Aaron Hernandez Lawyer Says Disgraced NFL Star Wasn’t In His Right Mind When He Committed Suicide In Prison

This weekend, Oxygen is airing a two-part documentary about the troubled life of Aaron Hernandez, an NFL rising star who was convicted of murder and took his own life in prison nearly a year ago — just after he was found not guilty at his second murder trial.

“Aaron Hernandez Uncovered” focuses heavily on the death investigation of Odin Lloyd, who was found dead on June 17, 2013, not far from Hernandez’s home in North Attleboro, Massachusetts. While the circumstantial evidence against Hernandez was overwhelming, investigators never found a murder weapon, leaving open — for some — the possibility that a jury convicted the wrong man.

In the documentary, former members of Hernandez’s defense team insist on his innocence, while his fiancee Shayanna Jenkins largely avoids addressing the murder directly, at times seeming detached from the reality of what Hernandez was facing. Jenkins remained unquestioningly devoted to the father of her baby from the time he was arrested until he died in jail, and has maintained an idyllic view of their relationship and the man she insists Hernandez was.

If Hernandez was a more sympathetic character than he deserved to be in life, his shocking suicide at age 27 cemented his near-mythical status — and meant that his earlier murder conviction, which was under appeal when he killed himself, was vacated. In death, Hernandez is technically an innocent man —  though some insist he always was.

Jose Baez defended Hernandez at his double murder trial for the shootings deaths of Daniel de Abreu and Safiro Furtado, earning a surprise not guilty verdict just a few days before Hernandez was found hanged in his jail cell.

Baez has insisted that Hernandez is innocent of all three murders he was tried for.

“I think the evidence is overwhelming that he was there [at the scene of Lloyd’s murder] … but he didn’t pull the trigger,” Baez told CrimeOnline.

As the Oxygen documentary shows, Hernandez was with two of his hometown friends from Bristol, Connecticut, when he went to Boston to pick up Lloyd early in the morning on the day he was found dead. Surveillance footage at Aaron’s home show that the three men were in his car when they returned later that morning — but there was no sign of Lloyd.

Lloyd’s family is appealing the court’s decision to vacate Hernandez’s conviction, but Baez says he is confident the appeal will be unsuccessful.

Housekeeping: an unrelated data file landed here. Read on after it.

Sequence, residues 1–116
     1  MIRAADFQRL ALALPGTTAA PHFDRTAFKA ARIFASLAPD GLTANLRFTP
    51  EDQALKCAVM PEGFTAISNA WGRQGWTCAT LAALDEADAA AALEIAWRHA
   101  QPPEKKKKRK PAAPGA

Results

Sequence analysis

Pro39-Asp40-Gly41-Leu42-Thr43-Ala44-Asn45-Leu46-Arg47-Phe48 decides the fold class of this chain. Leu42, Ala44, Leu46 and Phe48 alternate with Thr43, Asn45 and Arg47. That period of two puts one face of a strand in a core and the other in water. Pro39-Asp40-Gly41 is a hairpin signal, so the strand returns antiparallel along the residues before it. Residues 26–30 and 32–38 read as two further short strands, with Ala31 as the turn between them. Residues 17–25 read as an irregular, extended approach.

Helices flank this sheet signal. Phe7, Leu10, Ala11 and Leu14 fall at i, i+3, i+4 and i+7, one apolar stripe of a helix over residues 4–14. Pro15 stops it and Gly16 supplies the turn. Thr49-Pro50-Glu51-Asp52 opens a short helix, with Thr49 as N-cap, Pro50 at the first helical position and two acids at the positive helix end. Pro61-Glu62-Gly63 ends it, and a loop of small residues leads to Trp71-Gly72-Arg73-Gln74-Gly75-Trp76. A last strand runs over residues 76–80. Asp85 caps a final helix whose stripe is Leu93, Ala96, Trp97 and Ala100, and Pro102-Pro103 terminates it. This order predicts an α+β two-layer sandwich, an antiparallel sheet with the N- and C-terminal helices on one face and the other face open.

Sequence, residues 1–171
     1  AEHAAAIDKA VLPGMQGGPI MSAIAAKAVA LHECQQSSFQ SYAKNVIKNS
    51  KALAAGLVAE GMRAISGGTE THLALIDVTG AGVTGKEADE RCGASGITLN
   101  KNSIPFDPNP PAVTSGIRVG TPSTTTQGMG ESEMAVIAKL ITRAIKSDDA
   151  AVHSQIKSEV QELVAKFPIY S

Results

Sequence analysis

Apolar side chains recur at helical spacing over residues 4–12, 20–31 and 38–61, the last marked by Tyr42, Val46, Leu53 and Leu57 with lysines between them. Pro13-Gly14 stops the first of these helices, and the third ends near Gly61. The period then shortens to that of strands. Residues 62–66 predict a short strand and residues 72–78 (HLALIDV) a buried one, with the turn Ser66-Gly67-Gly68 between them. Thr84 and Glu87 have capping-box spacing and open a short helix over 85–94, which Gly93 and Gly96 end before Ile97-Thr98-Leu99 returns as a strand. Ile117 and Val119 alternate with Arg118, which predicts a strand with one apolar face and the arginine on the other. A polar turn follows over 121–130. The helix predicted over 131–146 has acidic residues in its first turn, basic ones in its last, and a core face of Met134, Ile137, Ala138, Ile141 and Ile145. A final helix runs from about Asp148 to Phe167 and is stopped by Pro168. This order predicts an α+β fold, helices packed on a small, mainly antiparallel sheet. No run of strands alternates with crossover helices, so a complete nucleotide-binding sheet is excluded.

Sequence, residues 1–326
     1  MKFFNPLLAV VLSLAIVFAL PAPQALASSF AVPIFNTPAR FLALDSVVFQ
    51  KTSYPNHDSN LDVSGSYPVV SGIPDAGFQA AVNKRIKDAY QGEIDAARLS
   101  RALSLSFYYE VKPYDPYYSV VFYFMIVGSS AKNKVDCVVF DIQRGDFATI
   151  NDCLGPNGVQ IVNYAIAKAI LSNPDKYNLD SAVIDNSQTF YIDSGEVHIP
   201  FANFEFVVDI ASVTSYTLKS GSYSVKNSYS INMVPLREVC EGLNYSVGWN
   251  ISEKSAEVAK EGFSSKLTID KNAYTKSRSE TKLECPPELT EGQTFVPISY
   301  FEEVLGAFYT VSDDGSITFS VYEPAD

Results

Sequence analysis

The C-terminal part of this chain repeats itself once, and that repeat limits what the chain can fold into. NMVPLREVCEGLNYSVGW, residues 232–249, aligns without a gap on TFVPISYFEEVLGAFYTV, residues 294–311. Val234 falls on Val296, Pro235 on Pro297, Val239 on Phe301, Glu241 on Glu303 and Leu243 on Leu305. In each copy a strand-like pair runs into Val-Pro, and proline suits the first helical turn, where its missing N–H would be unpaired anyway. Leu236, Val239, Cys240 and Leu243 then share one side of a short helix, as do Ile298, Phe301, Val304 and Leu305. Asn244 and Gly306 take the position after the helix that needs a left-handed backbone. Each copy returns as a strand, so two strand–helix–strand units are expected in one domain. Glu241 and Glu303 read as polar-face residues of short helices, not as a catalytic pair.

“It’s been vacated … I really don’t see that changing,” Baez said.

The Oxygen documentary addresses the rumors that Hernandez was secretly gay, and so conflicted over his sexuality that he may have killed Lloyd to keep it a secret, and suggests he may have taken his own life because of his torment. But the series curiously skims over the circumstances of Hernandez’s jail cell suicide, and the reactions of those who were close to him.

Baez agreed to talk about the death of a man he had come consider a friend.

Baez said that Aaron called him from prison frequently, and that he spoke to him the day before he died.

“He was happy. He was excited for the future. We joked, we laughed,” Baez said.

“I didn’t see this coming.”

The high-profile attorney said he had developed a rudimentary understanding of chronic traumatic encephalopathy (CTE), a serious brain disorder that frequently affects professional athletes, particularly boxers and football players, who are prone to head injuries.

“There were signs of the CTE that popped up at different times: Hyperactivity, aggression, impulse control,” Baez said, while insisting that it was “misreported” in the media that Hernandez was constantly in trouble and getting into fights.

After his death, Hernandez was found to have suffered a severe case of CTE — with researchers who study the disease calling it the worst case they had ever seen in someone as young as Hernandez.

CTE is linked to depression, and is difficult to diagnose while a sufferer is still alive. Still, Baez said that he and Hernandez’s defense team considered getting him tested before his double murder trial, but thought better of it because the prosecution’s defense was “one of innocence, not of mitigation.”

Baez is convinced that Hernandez’s CTE is directly responsible for his suicide, and says he’s not sure if Hernandez even knew what he was doing. The former Patriot left behind notes to Jenkins and his daughter before he killed himself, but Baez said the letters “didn’t sound like him.”

“His brain was so severely damaged that we don’t know that it was the rational side of him” that made the decision to end his life, Baez said.

“He was extremely sick.”

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